Karate program kicks up dust at library
Every eye fixed on his right arm, watching it move slowly toward the board, marking his intended point of contact.
A quick, but forceful punch split the board, the bang shattering the silence as the more than 50 children applauded the karate skills of 10-year-old Mason Pendergrass.
Greg Sibley, master and fourth-degree black belt, and seven of his karate students demonstrated motions of karate to children at the summer program at the Selma-Dallas County Public Library.
Landon Bass, 9, enjoyed watching the students demonstrate the advanced karate moves and may consider enrolling in a karate class.
“It makes you want to go out and do it,” Bass said. “They make it look so easy, even though it’s not.”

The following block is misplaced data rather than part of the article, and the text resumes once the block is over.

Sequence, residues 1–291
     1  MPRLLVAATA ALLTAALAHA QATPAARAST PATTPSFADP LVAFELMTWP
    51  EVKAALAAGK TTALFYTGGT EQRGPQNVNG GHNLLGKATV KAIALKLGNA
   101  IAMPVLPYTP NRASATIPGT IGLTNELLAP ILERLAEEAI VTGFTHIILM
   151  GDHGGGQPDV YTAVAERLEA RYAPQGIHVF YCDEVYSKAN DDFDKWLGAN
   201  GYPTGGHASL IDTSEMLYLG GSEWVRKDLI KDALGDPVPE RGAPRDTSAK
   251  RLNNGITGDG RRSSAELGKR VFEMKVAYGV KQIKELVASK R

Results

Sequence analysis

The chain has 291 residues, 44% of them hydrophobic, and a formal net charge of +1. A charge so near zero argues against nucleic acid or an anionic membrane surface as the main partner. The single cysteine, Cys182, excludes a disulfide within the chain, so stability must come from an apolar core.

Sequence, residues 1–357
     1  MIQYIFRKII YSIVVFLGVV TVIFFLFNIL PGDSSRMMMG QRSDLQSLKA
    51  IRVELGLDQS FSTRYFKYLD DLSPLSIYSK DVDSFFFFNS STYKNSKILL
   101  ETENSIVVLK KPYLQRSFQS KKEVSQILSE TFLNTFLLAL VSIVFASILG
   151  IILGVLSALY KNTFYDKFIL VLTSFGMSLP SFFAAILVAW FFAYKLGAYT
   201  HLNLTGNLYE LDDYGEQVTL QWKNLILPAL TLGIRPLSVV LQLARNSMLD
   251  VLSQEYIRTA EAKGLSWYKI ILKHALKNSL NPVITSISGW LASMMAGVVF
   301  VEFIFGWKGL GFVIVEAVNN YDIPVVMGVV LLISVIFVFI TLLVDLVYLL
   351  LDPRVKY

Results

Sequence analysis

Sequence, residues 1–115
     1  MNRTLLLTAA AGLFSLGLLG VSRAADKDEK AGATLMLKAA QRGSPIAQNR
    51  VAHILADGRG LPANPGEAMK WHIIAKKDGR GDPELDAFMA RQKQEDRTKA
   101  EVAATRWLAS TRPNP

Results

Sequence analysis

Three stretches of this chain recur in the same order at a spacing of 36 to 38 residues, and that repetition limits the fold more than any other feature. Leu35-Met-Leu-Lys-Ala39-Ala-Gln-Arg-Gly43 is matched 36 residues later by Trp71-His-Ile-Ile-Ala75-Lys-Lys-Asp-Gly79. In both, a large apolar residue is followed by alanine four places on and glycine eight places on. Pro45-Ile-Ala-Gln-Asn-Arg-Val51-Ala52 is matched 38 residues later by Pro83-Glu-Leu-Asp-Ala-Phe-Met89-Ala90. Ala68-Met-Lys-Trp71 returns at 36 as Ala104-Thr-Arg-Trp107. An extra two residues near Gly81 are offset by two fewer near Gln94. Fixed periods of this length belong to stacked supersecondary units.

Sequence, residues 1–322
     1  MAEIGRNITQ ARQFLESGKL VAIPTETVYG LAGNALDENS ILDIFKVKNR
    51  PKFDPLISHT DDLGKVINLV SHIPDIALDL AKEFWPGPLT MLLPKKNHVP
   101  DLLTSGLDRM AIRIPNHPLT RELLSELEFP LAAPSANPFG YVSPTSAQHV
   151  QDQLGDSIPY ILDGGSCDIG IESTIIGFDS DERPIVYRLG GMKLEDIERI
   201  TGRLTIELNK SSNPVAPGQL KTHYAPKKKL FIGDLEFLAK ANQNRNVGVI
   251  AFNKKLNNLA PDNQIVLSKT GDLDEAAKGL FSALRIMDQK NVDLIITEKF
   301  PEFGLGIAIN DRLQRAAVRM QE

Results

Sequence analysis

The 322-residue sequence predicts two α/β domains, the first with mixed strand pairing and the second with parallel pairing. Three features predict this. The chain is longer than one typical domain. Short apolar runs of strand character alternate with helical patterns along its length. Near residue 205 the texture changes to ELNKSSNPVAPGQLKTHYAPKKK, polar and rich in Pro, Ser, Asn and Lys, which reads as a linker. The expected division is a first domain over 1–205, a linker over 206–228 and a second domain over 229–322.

In about one year, Mason has progressed to a green belt, the fifth belt.
“I didn’t really know what to do at first, so I just followed along with them,” Mason said. “Then I got good at it.”
All students begin with a white belt and advance through 10 levels before reaching a black belt. After a black belt, students can obtain up to a ninth-degree black belt, categorizing a person as a grand master.
The patch Sibley and his students wear on their uniforms, a Korean “moo do” symbol, best describes the purpose of karate.
It represents prevention of conflict and deflecting the sword, meaning that students must first try to diffuse conflicts by blocking motions such as punches, but if the situation escalades, then students must defend themselves from harm.
“We don’t want to punch somebody if they come up to us and push us,” Mason said. “We want to try to make them not to fight, but if they punch at us, we try to block it. If they keep on doing it, we attack, but we don’t start fights.”
If a student instigates a fight, Sibley strips them of their current ranking and they must begin the process as a white belt.
“We don’t teach them how to fight,” Sibley said. “We teach them how to defend themselves.”